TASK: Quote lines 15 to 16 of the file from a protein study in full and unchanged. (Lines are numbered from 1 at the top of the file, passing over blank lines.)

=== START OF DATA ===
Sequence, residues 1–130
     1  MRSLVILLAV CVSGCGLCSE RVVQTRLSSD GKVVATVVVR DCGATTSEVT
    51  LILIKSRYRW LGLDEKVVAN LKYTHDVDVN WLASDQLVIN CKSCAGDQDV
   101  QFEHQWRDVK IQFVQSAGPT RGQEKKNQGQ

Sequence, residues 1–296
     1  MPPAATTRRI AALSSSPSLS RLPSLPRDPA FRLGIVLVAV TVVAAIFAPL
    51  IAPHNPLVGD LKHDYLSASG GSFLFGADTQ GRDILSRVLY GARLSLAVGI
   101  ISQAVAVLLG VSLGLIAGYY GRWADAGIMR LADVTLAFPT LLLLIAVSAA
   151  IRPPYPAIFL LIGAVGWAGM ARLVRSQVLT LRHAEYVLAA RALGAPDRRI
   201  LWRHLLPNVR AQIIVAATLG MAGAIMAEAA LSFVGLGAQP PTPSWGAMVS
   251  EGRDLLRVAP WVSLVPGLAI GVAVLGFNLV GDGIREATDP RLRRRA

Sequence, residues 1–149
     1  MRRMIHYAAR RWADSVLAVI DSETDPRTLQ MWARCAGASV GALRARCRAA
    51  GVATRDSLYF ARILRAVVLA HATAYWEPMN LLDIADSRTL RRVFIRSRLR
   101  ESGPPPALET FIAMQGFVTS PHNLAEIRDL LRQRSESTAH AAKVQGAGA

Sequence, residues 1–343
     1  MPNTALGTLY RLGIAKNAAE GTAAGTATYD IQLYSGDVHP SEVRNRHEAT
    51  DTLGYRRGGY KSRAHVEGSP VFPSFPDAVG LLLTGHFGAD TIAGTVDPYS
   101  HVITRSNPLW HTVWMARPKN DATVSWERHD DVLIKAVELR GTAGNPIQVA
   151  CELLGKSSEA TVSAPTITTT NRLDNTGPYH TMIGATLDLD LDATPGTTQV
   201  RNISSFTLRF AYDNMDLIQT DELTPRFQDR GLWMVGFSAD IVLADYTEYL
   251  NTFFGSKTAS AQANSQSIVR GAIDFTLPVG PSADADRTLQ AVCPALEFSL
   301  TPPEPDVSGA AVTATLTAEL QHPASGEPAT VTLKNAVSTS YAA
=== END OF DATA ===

   101  ESGPPPALET FIAMQGFVTS PHNLAEIRDL LRQRSESTAH AAKVQGAGA

Sequence, residues 1–343